In the October 2009, I had the pleasure of witnessing a riveting performance of La Troupe Makandal, led by Frisner Augustin, in Providence, Rhode Island. In the following article, published in World Music Central, A Romero announces the passing of master drummer Augustin, and gives an account of his musical journey.
Haitian musician Frisner Augustin passed away on February 28th, 2012 at Bernard Mevs Hospital in Port-au-Prince (Haiti). He died of a brain hemorrhage.
Frisner Augustin was the artistic director and master drummer of La Troupe Makandal.
Frisner Augustin was the artistic director and master drummer of La Troupe Makandal. “Frisner was an ountògi, a master drummer of Vodou. He was an oungan sou pwen, that is, on the point of the Vodou priesthood,” said Lois Eileen Wilcken, executive director of La Troupe Makandal.
Frisner Augustin was born March 1, 1948, in Port-au-Prince, Haiti. His father, Julien Augustin, was an itinerant carpenter. Most of the time his mother, Andrea Laguerre, and her mother, Rose Laguerre, raised him. Frisner’s mother occasionally produced industrial crafts and tourist items; at other times she was unemployed, and the family struggled to survive. His family could not afford to send him to school.
When he was a young boy, his uncle played drums and traveled throughout the Caribbean. Growing up, Augustin admired his uncle and wanted to become a drummer himself, hoping to earn enough money to help his mother and sister out of poverty. His father sent him to welding school to learn a trade. “But anytime I go to my job, my school for welding,” Augustin recalled, “I think about drumming. When I’m on the street, I clap my hands and sing…. Sometimes I’m on the job. I put some pieces together with a torch, and I keep thinking about my drumming.”
After years of watching his uncle, Augustin decided to ask one of the other drummers at a traditional Vodou ceremony if he could participate. “I ask one of the guys, ‘Can I do something?’ And I’m afraid to ask him that, because he’s bigger than me. He says, ‘Frisner, can you do it? You think you can do it?’ I say, ‘Well, let me try.’ I talk like that because I’m scared. This guy gives me the ogan. I play it, and I see that the guy doesn’t take it away from me. He still lets me play. And I say to myself, ‘I’m good.’”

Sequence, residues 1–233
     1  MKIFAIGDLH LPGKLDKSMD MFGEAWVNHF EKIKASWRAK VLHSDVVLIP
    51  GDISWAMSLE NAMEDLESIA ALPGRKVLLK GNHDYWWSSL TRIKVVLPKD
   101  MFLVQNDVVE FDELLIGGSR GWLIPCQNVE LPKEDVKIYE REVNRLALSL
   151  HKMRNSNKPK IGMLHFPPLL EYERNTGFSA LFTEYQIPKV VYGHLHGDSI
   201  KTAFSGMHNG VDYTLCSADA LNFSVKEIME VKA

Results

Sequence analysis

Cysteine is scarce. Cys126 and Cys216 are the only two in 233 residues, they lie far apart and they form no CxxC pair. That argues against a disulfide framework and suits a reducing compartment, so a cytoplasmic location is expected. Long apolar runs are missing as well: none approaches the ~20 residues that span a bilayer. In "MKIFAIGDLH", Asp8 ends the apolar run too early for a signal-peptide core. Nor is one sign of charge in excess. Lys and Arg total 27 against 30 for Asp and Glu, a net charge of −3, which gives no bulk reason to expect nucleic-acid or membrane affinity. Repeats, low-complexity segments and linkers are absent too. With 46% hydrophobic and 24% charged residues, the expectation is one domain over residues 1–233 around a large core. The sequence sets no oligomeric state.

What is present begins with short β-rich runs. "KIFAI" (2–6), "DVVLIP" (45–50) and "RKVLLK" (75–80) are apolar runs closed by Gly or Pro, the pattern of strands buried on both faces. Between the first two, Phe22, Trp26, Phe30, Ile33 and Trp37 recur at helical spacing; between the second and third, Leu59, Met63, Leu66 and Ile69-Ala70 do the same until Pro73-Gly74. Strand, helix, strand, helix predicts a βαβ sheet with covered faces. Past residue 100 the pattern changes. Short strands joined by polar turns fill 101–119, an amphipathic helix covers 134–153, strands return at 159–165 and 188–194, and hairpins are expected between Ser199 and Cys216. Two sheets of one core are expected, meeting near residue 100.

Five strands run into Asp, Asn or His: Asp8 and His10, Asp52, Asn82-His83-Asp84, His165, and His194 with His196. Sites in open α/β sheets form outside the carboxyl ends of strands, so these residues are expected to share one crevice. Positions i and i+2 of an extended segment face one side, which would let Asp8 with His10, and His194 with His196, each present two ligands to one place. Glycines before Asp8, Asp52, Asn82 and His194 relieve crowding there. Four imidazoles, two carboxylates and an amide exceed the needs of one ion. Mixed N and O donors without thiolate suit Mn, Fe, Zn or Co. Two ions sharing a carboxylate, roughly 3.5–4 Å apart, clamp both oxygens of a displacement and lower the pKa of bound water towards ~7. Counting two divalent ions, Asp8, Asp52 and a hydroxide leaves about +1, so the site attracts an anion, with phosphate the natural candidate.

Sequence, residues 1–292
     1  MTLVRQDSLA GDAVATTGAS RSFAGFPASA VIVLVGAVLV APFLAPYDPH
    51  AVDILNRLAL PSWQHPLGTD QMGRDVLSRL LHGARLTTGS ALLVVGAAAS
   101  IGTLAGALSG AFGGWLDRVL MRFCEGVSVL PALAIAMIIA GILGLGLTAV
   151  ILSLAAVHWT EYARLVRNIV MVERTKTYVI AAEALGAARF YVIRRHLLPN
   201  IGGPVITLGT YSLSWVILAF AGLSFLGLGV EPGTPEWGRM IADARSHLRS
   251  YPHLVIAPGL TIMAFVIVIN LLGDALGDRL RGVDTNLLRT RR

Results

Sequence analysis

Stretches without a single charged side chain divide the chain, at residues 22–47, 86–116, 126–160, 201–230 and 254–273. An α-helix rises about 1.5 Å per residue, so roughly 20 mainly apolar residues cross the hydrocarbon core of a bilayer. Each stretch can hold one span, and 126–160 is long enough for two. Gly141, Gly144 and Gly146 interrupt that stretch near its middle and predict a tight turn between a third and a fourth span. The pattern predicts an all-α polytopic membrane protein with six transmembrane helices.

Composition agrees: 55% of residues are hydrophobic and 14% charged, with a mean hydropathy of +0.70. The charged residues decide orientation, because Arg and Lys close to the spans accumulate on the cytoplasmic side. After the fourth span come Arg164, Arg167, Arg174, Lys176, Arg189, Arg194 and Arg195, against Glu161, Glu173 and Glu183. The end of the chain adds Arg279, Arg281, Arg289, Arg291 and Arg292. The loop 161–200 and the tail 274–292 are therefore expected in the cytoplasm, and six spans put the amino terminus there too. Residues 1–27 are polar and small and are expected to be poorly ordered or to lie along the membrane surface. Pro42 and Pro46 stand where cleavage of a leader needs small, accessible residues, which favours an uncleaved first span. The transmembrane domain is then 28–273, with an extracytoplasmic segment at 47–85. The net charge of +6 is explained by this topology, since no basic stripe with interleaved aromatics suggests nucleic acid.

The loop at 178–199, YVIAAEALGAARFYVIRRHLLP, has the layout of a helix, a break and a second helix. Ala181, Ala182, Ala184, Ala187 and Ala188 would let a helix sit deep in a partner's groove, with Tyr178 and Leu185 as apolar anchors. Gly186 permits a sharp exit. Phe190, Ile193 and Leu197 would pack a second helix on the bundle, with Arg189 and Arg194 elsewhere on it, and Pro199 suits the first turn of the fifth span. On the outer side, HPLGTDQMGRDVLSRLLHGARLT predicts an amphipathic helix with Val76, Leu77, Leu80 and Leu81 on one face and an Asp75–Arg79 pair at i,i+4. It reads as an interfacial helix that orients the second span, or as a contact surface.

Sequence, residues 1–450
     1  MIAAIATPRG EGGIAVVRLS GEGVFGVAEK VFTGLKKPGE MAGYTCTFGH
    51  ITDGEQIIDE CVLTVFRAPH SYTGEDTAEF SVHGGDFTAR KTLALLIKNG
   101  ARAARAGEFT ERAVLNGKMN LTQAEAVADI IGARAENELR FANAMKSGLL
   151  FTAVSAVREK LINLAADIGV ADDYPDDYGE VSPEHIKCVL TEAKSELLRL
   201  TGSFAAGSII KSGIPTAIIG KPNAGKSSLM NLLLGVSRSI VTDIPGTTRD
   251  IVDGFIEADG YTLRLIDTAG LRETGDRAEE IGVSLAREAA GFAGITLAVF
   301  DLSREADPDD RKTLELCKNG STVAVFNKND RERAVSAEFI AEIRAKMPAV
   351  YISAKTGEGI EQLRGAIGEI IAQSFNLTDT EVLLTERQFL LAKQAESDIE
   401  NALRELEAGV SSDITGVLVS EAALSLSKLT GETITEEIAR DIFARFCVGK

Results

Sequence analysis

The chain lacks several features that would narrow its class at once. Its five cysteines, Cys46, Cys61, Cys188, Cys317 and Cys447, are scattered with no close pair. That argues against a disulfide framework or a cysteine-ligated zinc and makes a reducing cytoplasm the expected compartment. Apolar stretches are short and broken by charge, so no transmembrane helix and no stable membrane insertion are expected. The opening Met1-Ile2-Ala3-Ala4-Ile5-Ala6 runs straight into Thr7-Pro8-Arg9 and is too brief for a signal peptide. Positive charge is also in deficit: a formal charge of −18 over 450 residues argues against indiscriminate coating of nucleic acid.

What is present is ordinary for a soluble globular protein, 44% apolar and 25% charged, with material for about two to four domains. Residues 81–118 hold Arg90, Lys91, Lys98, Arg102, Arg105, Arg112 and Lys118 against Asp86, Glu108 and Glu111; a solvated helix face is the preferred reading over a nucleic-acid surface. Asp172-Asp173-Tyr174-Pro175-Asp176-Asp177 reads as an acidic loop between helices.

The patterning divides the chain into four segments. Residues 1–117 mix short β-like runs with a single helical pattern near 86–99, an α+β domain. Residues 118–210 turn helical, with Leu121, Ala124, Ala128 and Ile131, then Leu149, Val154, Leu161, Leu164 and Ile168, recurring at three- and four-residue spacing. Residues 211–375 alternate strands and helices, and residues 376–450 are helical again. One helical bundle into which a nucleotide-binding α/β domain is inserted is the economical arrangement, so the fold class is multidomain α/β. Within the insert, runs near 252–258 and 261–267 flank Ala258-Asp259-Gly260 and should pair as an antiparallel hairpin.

This began Augustin’s apprenticeship period, during which he perfected his timing. After playing the ogan for a while, he moved on to the boula (ostinato drum) and then the segon (second drum). Augustin believed Ogou, the master spirit of the Vodou ceremony, was guiding his drumming. In a relatively short time, he learned to play everything needed for the Vodou ceremonies and was ready to advance to the maman, the master or lead drum. He was then only 10 or 11, unusually young to play lead drum. “They had to put me in the chair,” he said, “and put a rope around the chair to hold me and the drum up.”
As an apprentice maman drummer, Augustin had to go through an initiation ceremony that prepared him for the responsibilities of “making the drum talk.” The first drum he received was a burned-out mahogany shell onto which he had to attach a drum head. Putting the head on a drum is a ritual “presided over by the spirits.” A shaved, wet goat or cow skin is placed over the wooden shell and allowed to dry overnight. The next day the skin is tied and tightened around wooden pegs, and holes are cut into the drum body. Through this initiation ceremony the drummer communicates with the spirits.
Concurrent with his participation in Vodou ceremonies, Augustin continued attending welding school and was able to help support his family. In 1961, he was invited to join a drum troupe traveling to Puerto Rico and began earning his living from drumming.
In 1972 he emigrated to New York (United States of America), where he established himself as a master drummer in Vodou rituals, as a performer for Haitian community festivals, and as a drum instructor.
In 1981 Mr. Augustin took over the direction of the company La Troupe Makandal. His recordings with the Troupe, A Trip to Voodoo, Erzili, and The Drums of Vodou, feature his settings of traditional Afro-Haitian dances. He has recorded as well for jazz artist Kip Hanrahan and for the soundtrack of the film Beloved.
In addition to performing in theaters, galleries, festivals, and educational venues, Mr. Augustin taught a workshop in Haitian drumming at Hunter College, the Krik! Krak! workshop for children at three sites in Brooklyn, and classes and lecture-demonstrations through the Brooklyn Arts Council and City Lore. He also worked with the Haitian-American children’s dance company Tonel Lakay.
Clearly aware of the negative stereotyping of Vodou, Maestro Augustin used his drum to recast the mystery of the religion from a positive perspective.
Because of his dedication, he received a People’s Hall of Fame award from the cultural center City Lore, and a Certificate of Achievement from the National Coalition for Haitian Rights. In 1999 the National Endowment for the Arts awarded him a National Heritage Fellowship, the United States of America’s highest honor in the folk and traditional arts.
For the original posting: Haitian Master Drummer Frisner Augustin Dies | World Music Central.org.